A Jan. 23, 2024, MGMA Stat poll asked the question, “2024 Medicare physician payment was cut 3.4%. Are you concerned about reduced patient access to care?” An overwhelming majority (82%) respondents replied “yes,” while 18% responded “no.” The poll had a total of 407 responses.
Impact on medical groups
The 3.4% cut to the Medicare conversion factor went into effect on Jan. 1, 2024. These are just some of the responses we received that starkly illustrate the consequences that cutting Medicare reimbursement has on patient access and practice operations:
- “Less availability to physicians, they can't give safe quality care on less and less money. Providers will accelerate their retirements or choose another.”
- “More providers will limit the number of Medicare [patients] in their practices.... this is already happening in some communities.”
- “We will be required to reduce staff, which will impact patient access.”
- “My clinic has lost physicians due to decreased reimbursement. Additionally, many providers choose not to accept new Medicare patients.”
- “I have already heard physicians, primary care and specialists, talk about limiting the number of Medicare patients they can take.”
Unfortunately, this reality echoes what MGMA members have previously said about Medicare cuts. MGMA conducted a survey of 517 medical group practices — ranging from small practices to large, 2,500-physician health systems — evaluating how physician practices would respond to proposed Medicare cuts in 2023. Practices considered limiting the number of new Medicare patients, reducing charity care, reducing the number of clinical staff and closing satellite locations.
It’s important to note that many of the respondents who selected “no” noted that their medical groups were owned by larger healthcare systems that would continue to accept Medicare at the system level. These larger organizations have the ability to subsidize the physician practices with inpatient and other revenue unrelated to the Medicare Physician Fee Schedule.
In MGMA’s 2023 annual regulatory burden survey, 87% of medical group practices said reimbursement not keeping up with inflation would impact current and future Medicare patient access. The cut is untenable for group practices and requires congressional intervention.
Background on Medicare payment cuts
Medical groups have faced numerous cuts to Medicare reimbursement over the past several years. These cuts stem from the budget neutrality aspect of the Medicare Physician Fee Schedule and changes made in 2021.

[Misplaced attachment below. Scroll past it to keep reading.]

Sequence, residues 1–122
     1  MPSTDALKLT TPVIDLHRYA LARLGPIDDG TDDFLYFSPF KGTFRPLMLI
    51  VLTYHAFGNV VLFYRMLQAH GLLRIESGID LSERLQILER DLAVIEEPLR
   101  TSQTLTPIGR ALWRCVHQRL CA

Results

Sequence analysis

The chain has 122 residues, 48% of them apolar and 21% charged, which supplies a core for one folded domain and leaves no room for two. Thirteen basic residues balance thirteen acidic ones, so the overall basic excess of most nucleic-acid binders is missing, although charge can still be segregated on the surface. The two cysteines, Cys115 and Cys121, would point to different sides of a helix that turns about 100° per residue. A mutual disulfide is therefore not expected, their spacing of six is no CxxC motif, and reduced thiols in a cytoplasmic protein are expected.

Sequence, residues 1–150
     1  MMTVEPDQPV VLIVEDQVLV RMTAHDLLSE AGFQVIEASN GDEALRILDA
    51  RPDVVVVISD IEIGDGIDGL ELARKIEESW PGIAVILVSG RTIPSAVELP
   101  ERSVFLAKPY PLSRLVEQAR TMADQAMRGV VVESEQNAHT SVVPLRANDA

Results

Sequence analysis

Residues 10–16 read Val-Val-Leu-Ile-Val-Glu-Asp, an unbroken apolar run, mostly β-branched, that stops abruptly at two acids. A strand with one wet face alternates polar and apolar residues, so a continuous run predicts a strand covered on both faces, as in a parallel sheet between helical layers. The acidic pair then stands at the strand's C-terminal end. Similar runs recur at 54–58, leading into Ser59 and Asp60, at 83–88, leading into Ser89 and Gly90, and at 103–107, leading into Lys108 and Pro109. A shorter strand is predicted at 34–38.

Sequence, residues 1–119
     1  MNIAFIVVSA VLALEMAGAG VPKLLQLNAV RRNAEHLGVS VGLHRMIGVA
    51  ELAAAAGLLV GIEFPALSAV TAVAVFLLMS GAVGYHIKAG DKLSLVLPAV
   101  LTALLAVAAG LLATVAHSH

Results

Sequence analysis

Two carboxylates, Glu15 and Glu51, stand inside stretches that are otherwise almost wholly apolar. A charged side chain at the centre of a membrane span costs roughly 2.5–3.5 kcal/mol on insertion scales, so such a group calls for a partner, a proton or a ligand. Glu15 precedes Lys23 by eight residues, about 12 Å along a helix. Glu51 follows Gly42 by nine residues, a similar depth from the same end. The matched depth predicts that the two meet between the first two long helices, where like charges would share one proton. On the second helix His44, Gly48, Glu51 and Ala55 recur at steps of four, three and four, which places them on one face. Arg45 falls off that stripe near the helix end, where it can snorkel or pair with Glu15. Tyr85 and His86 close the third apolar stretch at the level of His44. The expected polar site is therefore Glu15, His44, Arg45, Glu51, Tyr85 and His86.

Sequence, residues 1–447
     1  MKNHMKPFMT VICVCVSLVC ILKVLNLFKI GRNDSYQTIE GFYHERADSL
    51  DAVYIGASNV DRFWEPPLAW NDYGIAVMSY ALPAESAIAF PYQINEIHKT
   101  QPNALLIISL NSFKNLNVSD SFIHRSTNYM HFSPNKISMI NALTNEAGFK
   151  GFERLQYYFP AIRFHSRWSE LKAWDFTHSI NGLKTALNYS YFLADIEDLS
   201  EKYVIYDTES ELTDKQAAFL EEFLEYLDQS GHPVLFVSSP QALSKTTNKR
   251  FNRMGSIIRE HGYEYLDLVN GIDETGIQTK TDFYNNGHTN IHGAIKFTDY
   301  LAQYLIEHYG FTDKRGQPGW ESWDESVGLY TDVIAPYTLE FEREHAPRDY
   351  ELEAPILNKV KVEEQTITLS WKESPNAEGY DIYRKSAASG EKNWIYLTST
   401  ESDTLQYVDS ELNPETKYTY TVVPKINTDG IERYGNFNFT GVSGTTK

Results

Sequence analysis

Congress has previously intervened to mitigate these cuts. The 3.4% cut that went into effect this year is related to the phase-in of the complexity add-on code G2211, which had previously been delayed until 2024. Underpinning these cuts is the absence of an annual inflationary update for the Medicare Physician Fee Schedule similar to other Medicare reimbursement systems like for hospitals and skilled nursing facilities.
Our current priority is reversing the full 3.4% cut to the Medicare conversion factor as soon as possible. Since the end of last year, there have been short-term extensions of funding for the federal government which, due to political factors outside of healthcare, led to Congress not addressing the cut and other healthcare policies. The next opportunity to reverse the cut will be before federal government funding expires in early March. Representative Greg Murphy introduced the bipartisan Preserving Seniors’ Access to Physicians Act to reverse the full 3.37% cut — passing this bill or other legislation with similar language is critical.
In addition to reversing the cut, there needs to be sustainable changes made to the Medicare payment system to avoid the negative consequence illustrated by this poll and provide medical groups a stable reimbursement system. Medicare payment needs an annual inflationary update — the Strengthening Medicare for Patients and Providers Act was introduced by a bipartisan group of physicians in Congress and would add an annual inflationary update tied to the Medicare Economic Index (MEI). The Provider Reimbursement Stability Act would make long-needed changes to the budget neutrality aspect of the Medicare Physician Fee Schedule to alleviate these issues moving forward such as increasing the budget neutrality threshold.
Send a pre-populated letter to your congressional representatives through MGMA’s Contact Congress portal telling them to reverse the full 3.37% cut. Here are a few of MGMA Government Affairs’ recent actions taken to reverse the cut: